In an official press release from Texas authorities, the state announced that the U.S. Department of Housing and Urban Development (HUD) awarded $5.024B to those in disadvantaged communities who were affected by Hurricane Harvey. HUD’s Community Development Block Grant-Disaster Recovery Program (CDBG-DR) allocated a significant portion of the grant to Texas communities considered unlikely to repair their communities on their own. This program is a disaster-specific offshoot of a similar program that funds housing and after-school programs for disadvantaged communities.
The grant will go to fix repairs like:
- Damaged homes
- Crippled businesses
- Broken infrastructure deemed critical to the community
The Aid’s First Disbursement Is Just Around the Corner
Texas officials first announced the $5B reward in November 2017. The community looks forward to receiving the first disbursement of funds in March 2018. The grants are supposed to cover 100% of the costs of approved infrastructure and housing projects for both local governments and individual residents.
When deciding on the reward amount, HUD used estimates from the Federal Emergency Management Agency (FEMA) and the Small Business Administration (SBA) to approximate the total number of severely damaged homes and business that lacked adequate insurance coverage. Under HUD’s analysis, Hurricane Harvey damaged more than 230,000 households; 65,000 of them—more than 25%—are not covered by insurance. Additionally, more than 4,000 business fit under the category of “not covered” under other insurance sources. The HUD grant is designed to cater to the 65,000 homes and 4,000 businesses without insurance coverage. Moreover, the state and local governments are required to spend the majority of these recovery funds in the “most impacted” areas identified by HUD.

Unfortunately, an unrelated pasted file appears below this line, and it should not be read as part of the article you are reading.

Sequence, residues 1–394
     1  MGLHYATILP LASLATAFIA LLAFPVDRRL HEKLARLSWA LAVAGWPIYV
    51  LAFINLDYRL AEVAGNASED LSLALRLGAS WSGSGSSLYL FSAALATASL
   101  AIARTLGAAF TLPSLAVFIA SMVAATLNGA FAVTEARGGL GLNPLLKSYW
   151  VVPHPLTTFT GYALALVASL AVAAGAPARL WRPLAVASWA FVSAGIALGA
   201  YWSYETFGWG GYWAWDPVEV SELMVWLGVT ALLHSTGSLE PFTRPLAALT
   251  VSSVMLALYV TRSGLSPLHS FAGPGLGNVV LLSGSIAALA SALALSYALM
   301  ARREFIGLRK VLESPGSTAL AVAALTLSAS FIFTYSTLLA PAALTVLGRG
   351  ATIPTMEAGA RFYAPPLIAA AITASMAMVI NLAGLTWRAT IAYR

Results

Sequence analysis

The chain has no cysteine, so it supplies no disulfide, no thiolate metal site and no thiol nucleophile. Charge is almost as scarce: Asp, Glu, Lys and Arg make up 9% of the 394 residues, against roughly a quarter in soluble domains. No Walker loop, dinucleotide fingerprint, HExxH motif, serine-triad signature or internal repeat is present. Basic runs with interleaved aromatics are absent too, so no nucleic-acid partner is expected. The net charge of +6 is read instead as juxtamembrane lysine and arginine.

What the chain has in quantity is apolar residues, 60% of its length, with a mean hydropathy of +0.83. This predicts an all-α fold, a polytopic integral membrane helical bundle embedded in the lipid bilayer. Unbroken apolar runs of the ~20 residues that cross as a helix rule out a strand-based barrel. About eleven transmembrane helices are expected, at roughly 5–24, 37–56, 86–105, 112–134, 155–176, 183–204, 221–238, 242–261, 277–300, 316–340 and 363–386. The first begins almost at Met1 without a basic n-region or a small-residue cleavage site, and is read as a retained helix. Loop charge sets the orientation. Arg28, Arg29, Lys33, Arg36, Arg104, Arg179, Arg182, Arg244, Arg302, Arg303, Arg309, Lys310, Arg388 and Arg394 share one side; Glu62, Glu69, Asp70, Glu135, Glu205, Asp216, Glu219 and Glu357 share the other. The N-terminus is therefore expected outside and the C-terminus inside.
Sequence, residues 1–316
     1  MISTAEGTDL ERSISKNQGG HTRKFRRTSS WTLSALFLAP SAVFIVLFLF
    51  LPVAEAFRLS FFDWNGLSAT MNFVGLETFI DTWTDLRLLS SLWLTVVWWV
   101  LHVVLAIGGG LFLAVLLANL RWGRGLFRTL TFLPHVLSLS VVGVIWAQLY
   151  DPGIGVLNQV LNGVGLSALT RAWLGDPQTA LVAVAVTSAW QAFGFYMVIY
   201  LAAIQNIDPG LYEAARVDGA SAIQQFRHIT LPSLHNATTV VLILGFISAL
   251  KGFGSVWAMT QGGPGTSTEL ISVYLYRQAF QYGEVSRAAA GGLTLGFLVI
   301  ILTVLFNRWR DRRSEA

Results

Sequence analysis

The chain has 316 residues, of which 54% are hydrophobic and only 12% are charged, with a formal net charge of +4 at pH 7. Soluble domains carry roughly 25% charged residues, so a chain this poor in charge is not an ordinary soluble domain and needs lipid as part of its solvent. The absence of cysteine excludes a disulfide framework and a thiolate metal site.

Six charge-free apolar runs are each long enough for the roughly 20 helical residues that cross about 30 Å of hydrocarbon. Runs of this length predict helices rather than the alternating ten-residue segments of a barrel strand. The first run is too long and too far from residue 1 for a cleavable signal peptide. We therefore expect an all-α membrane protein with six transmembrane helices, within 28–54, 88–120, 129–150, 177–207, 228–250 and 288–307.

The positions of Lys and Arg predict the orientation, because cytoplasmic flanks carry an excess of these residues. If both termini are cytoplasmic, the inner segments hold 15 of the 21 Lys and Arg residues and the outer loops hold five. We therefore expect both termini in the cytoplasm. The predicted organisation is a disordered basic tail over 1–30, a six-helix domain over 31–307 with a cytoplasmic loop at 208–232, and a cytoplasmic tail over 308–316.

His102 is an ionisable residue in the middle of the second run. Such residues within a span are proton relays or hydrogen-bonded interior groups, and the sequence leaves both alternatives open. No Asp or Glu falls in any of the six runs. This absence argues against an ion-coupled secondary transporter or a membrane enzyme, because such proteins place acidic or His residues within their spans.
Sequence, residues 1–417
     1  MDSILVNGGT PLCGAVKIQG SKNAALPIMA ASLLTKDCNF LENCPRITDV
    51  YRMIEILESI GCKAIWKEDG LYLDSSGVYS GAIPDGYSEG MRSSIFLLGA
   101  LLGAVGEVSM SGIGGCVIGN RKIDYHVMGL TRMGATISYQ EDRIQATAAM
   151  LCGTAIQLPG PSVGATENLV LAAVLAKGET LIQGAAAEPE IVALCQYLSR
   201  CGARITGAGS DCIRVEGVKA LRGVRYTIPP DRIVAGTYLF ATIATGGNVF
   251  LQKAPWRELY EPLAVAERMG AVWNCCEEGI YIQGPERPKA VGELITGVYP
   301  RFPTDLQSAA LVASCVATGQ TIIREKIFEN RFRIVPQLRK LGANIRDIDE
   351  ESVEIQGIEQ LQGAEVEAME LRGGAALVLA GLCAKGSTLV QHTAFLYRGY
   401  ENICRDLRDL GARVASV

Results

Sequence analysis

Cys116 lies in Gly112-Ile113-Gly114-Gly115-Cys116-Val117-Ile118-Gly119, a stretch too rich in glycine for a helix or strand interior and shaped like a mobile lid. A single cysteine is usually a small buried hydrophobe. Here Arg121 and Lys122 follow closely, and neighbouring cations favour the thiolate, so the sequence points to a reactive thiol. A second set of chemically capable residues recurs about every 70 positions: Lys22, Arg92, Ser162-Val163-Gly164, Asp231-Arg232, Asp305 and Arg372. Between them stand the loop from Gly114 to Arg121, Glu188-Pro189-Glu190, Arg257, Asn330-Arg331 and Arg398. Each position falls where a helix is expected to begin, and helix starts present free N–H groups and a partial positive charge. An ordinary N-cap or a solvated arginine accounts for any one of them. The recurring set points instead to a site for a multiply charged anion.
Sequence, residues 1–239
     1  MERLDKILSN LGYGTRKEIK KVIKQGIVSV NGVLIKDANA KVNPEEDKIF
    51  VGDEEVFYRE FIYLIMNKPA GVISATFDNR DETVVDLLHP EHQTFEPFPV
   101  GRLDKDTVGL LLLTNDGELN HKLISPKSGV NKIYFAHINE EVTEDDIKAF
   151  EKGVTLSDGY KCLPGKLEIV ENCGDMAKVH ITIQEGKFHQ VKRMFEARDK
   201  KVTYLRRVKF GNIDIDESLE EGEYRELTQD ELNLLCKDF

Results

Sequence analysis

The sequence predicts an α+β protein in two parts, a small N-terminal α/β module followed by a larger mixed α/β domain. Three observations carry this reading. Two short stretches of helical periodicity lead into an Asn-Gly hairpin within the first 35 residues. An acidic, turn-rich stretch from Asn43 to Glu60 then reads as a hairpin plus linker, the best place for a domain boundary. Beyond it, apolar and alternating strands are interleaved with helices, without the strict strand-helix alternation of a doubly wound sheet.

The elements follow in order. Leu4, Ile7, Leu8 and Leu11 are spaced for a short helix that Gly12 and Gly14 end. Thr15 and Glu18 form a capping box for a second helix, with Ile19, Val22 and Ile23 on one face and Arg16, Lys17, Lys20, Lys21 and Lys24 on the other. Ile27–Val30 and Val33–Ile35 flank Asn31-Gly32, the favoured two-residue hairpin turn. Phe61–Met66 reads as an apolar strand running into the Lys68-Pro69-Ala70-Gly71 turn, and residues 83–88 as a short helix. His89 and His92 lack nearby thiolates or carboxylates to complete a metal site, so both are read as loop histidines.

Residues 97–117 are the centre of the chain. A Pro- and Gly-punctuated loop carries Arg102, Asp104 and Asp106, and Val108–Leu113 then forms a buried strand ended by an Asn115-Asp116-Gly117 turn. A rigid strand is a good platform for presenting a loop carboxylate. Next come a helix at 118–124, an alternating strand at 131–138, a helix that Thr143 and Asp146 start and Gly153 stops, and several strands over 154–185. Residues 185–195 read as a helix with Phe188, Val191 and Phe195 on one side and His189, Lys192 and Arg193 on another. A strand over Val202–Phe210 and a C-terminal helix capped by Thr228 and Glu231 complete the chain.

Specifically, 80% of the funds (just over $4B) will go to the following counties:
- Fort Bend
- San Patricio
- San Jacinto
This will impact the following zip codes:
How Will the HUD Grant Impact Housing in Texas?
When a CDBG-DR is awarded to a state, the cities of that state must bid for the money, sending in acceptable plans that fall under the stipulations and regulations of CDBG-DR’s. The counties and zip codes mentioned above will request aid from Texas because HUD awarded the CDBG-DR to the state. Once the bids are in, the state will send in the approved plan to HUD, who will then accept the project if it meets requirements.
HUD grants money for all sorts of housing projects. Some of these projects include:
- Rehabilitation projects for damaged households
- Rehabilitation projects for damaged rental units
- New construction of homes
- New construction of rental units
How Can I Receive HUD CDBG-DR Funds?
Currently, the funds are not yet released, and The Texas General Land Office is waiting for HUD to publish rules regarding the appropriation in the Federal Register. Make sure to check for new information as the grant’s disbursement system develops.